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    Ok then. I was gonna say if you did you should be thinking doubler for what you're wanting to do. Your right, a np205 is hard to come by around here. To find a TH400 version will be even harder. I'm running Th350/NP205s. I've got 3 of these combos but they were not easy to find. Finding the adaptor alone for the TH400 version will be a pricey event (I had one but sold it on evil bay, it brought $200). I was able to get just the 400 input for a 205 incase I go doubler one day. I love my 205s. I've sold every NP208 I've had (5 in the last 2 years) for around $100. They're ok and easy to come by but I've seen 1st hand how the alumnium cast will bust. I just got a SM465/NP205 that will be replacing the auto setup.
     
  9. Kiwi John

    Kiwi John 1/2 ton status

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    Hi Sleddy. As a foreigner i'm a little out-of-the-loop on some of the terminology you guys use.
    I'm having trouble with my 208 (Had a thread running last week) and just wondered what you mean by a 'SYE' ?
    I am unlikely to upgrade in any way as there is no easy access to parts for the necessary modifications here.
    Is there any logic to the numbering v the relative strength or rating of these transfer boxes? (i.e. 203, 205, 208, 241... )
     
  10. clarkjw24

    clarkjw24 1/2 ton status GMOTM Winner

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    SYE=slip yoke elimator. So you'll have a fixed yoke at the rear of the tcase.

    The numbering is cronological order in which they were "design" and built in production vehicles.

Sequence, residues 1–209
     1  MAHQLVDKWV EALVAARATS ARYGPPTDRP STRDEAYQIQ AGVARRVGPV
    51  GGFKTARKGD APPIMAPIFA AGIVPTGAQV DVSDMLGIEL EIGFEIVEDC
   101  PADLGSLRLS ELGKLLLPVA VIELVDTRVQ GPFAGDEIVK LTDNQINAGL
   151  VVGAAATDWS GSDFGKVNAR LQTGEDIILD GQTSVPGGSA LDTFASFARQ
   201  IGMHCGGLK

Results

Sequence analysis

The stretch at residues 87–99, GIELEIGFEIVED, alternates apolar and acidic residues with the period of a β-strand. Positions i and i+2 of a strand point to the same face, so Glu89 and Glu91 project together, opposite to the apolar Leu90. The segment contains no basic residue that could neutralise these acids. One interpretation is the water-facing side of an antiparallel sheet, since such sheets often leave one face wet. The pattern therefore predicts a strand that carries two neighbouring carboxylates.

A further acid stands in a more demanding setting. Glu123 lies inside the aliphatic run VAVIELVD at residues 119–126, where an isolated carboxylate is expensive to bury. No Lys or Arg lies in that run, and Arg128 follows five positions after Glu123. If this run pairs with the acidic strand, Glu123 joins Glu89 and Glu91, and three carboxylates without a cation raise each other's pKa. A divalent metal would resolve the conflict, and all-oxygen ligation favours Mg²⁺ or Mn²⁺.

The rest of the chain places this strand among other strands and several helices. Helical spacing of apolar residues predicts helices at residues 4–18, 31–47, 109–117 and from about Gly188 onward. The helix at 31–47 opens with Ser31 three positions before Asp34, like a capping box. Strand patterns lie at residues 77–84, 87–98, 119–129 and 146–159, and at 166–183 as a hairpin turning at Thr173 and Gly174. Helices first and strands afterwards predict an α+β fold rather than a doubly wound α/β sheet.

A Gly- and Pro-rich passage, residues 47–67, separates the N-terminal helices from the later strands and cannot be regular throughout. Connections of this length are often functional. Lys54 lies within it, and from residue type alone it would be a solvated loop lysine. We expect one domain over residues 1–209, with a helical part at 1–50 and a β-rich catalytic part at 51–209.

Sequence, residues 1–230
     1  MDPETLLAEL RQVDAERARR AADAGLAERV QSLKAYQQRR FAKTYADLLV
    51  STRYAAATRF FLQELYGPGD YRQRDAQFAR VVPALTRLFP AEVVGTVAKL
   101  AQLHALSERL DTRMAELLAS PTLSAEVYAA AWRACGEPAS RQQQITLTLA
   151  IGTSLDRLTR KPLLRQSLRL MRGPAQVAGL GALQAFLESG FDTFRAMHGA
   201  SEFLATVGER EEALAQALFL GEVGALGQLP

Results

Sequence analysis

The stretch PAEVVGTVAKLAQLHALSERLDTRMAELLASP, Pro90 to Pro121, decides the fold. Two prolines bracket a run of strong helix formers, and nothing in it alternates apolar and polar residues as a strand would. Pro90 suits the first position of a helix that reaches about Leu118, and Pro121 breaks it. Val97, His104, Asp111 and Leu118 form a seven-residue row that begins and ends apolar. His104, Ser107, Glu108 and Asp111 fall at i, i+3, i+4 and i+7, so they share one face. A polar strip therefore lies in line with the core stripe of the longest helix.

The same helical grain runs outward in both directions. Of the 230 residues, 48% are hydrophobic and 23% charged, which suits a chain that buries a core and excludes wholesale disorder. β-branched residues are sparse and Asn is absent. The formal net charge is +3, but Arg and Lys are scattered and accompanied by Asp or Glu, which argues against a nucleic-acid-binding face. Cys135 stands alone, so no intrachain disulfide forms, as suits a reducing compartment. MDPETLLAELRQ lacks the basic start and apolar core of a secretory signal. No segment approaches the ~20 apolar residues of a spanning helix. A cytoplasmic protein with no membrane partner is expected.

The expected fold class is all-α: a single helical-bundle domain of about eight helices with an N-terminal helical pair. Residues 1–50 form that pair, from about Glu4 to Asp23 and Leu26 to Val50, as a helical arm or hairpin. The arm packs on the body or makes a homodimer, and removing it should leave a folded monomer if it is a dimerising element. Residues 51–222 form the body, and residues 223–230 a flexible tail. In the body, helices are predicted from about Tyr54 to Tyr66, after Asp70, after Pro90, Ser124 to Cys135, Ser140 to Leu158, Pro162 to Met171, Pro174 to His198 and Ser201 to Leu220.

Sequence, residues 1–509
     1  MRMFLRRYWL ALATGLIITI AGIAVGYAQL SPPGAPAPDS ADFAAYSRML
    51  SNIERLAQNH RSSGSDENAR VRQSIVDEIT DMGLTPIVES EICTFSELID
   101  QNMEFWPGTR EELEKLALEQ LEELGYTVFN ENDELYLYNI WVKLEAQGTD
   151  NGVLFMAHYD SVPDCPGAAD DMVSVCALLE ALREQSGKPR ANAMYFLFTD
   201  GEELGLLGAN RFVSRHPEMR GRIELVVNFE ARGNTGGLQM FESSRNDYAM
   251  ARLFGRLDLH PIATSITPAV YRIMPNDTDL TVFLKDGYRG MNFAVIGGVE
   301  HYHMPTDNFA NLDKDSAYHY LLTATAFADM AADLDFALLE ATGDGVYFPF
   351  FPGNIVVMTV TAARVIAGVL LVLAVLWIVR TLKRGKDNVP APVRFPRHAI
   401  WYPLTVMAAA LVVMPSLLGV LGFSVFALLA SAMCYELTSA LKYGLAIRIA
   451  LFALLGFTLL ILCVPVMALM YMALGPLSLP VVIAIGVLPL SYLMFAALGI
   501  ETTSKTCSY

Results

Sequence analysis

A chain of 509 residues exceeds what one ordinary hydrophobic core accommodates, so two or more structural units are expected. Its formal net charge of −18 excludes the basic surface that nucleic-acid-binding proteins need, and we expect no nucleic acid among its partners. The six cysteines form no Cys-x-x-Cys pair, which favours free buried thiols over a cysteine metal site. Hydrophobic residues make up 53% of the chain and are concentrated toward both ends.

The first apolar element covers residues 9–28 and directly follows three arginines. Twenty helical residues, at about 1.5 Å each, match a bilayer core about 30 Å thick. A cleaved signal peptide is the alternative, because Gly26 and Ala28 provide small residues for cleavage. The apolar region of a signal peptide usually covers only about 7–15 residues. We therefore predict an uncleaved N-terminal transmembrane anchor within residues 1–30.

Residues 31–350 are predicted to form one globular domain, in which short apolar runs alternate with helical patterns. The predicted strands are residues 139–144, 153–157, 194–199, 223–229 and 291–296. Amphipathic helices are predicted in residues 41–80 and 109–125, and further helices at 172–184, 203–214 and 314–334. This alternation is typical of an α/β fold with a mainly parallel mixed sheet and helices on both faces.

11. Kiwi John

    Kiwi John 1/2 ton status

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    Sye

    Thanks John. I guess there is a lot of 'previous' in the forums on this concept if you have an abbreviation for it so i'll have a search. But if you eliminate the slipping yoke... how does the driveshaft handle the axle movements?

    So i understand that the numbering bears no relation to 'strength' ?

    BTW Congrats on being rig of the month.
     
  12. stallion85

    stallion85 1/2 ton status

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    The driveshaft will have a slip in the center of it like your front drive shaft ;)
     
  13. jekbrown

    jekbrown I am CK5 Premium Member GMOTM Winner Author

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    if you're willing to swap in a ford front axle (hp D60?!) then get a np208 from an old bronco. These cases not only had a fixed rear yoke but were "clocked" from the factory for a nearly flat belly. Not bad, only real downside is that its driver's side drop.

    j
     
  14. clarkjw24

    clarkjw24 1/2 ton status GMOTM Winner

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    Slip yoke tcases work like this. There is a female input about a 9"(i'm guessing but its close) shaft that slides into the rear of the tcase and has a ujoint and yoke on the other end. So you have about 5" of play "slip" in your drive shaft. Then your main shaft has a ujoint and yoke at both ends.